Mayor hits pavement to promote race's benefits to the area
There were 1,160 finishers in two events.
By JOHN KOVACH
VINDICATOR SPORTS STAFF
YOUNGSTOWN -- Mayor Jay Williams not only believes in the Youngstown Peace Race and the benefits that it has brought to the area for more than three decades, but he also trained for and ran in the 32nd annual event Sunday -- and did very well.
Williams, 35, placed 397th out of 674 runners in the 10-kilometer race through Mill Creek Park, and then heaped praise on the race, gave a talk at the awards ceremony at the Central YMCA, and stuck around until almost the end of the event past 1:30 p.m.
"I finished. I could have done better. I hope to do better next time," said Williams, who noted that he began training for the Peace Race early in August.
"This is good for the city. I saw people from all over. It brings everyone together. It promotes our city and Valley."
The race attracted 1,160 finishers -- 674 in the 10-k race and 486 in the 2-mile event.
Mayor thanks Cessna
During the awards ceremony, Williams thanked Jack Cessna, the Peace Race founder who was in the audience, for creating such a positive attraction for Youngstown.
"We appreciate what you have done for the city," Williams said to Cessna. "I will continue to do whatever I can do to keep this race going."
Cessna, who was the driving force behind the growth and development of the race during its formative and early years, was called to the podium to address the gathering.
He credited the success of the race to "the work of all the volunteers over the years." And then he emphasized happily: "This race just glows."
And he pointed out, "I'm pleased that the prize money has opened up to the foreign runners."
Cessna, formerly from Youngstown and now of New Hartford, always had encouraged foreign entries when he was directing the event, and in fact the race previously was called the Youngstown International Peace Race.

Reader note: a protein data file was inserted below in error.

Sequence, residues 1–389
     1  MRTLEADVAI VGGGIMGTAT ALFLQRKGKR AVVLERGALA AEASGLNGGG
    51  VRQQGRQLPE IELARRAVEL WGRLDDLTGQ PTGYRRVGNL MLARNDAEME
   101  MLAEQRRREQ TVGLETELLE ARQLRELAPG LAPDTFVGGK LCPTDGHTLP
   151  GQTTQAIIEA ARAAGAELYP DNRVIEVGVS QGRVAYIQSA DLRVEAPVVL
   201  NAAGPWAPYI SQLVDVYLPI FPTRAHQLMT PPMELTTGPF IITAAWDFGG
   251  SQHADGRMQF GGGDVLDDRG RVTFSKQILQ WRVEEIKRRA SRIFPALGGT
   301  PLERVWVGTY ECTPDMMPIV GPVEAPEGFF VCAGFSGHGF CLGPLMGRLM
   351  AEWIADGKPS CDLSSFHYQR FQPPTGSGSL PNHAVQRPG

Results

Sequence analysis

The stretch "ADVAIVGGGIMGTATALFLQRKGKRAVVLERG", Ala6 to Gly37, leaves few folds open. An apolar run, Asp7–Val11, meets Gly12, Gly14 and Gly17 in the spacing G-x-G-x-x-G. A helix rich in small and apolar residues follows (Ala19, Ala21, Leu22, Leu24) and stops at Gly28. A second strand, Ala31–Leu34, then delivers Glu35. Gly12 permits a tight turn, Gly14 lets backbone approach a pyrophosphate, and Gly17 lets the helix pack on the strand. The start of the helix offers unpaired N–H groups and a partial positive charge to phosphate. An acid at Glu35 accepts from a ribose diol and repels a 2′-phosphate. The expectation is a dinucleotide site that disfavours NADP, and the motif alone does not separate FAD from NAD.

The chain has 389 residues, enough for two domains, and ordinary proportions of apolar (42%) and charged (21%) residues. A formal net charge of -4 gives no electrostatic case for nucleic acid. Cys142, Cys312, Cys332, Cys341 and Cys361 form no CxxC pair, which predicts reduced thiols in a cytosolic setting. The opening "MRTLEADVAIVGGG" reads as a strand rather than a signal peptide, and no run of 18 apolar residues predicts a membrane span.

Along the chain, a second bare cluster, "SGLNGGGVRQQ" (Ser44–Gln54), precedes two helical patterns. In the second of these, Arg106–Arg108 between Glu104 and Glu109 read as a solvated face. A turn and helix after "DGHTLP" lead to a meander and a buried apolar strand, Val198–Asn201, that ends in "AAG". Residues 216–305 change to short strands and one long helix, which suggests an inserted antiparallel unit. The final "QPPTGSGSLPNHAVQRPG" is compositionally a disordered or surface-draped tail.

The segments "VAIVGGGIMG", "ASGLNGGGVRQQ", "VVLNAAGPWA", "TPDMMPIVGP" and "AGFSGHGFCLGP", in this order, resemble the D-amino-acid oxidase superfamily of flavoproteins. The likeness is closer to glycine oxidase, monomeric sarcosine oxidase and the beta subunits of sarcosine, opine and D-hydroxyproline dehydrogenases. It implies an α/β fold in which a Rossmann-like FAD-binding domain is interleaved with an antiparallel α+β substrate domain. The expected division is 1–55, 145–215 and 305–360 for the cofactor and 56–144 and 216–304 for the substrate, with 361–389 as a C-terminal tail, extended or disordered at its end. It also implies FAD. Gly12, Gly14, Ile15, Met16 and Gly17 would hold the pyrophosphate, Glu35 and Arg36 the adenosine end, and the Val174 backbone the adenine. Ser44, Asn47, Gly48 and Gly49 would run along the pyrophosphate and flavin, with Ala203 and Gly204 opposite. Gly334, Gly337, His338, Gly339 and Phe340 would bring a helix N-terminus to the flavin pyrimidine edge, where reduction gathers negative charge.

Cessna had another reward at the race: His daughter, Anna, 9, ran in the 2-mile event and was timed in 16:50 for 81st overall and third-place in her women's 11-and-under age class to win an award.
And Cessna, 62, also ran in the 2-mile run and placed 96th in 17:29.
Rupe explains change
Ted Rupe, the Peace Race director, said that the past few Peace Races have been very successful in attracting entries.
As a result, he said the Peace Race decided to open up the prize money to foreign runners, who always had been invited to the race but were not eligible to win any money for the past several years because they virtually had been sweeping the purses.
"We have been having good turnouts for the race and increased revenues so we decided to improve the quality of the field," said Rupe as the reason for allowing foreign runners -- especially the Kenyans -- to be eligible to win money. So, "We spread the money around more."
The Kenyans responded to the generous gesture by sweeping the top three men's and women's 10-k races Sunday and winning a collective purse of 4,500.
Rupe echoed Cessna about the value of volunteerism to the Peace Race.
"We probably have at least 50 volunteers," said Rupe. "It takes a lot of help. We have a lot of cooperation."
Shrodek, Stall win 2-mile runs
Michael Shrodek, 43, of Warren was the overall winner in the 2-mile run in 11:09 by two seconds over Bill Hess, 42, of Niles ((11:11). Then came Daniel Wright of Canfield (11:29), Pete Vilasi, 41, of Sharpsville (11:46) and Steve Babyak, 39, of Mentor in 11:54.
The top female in the 2-mile was Kristie Stall, 14, of Boardman in 13:19 for 18th overall, followed by Mindy Frazer, 38, of Sharon (14:03, 30th overall); Danae Kempe, 12, of Canfield (14:08, 31st); Renay Choma, 39, Austintown (14:38, 43rd) and Kayla Malmeldt, 12, of Lake Milton (14:42, 45th).